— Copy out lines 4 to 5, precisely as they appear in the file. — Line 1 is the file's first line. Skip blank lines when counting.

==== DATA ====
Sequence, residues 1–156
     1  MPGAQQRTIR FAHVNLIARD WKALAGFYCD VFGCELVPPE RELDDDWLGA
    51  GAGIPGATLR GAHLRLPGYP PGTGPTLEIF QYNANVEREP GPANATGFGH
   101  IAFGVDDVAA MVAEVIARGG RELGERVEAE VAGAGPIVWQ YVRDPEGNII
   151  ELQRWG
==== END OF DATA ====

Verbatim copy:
   101  IAFGVDDVAA MVAEVIARGG RELGERVEAE VAGAGPIVWQ YVRDPEGNII
   151  ELQRWG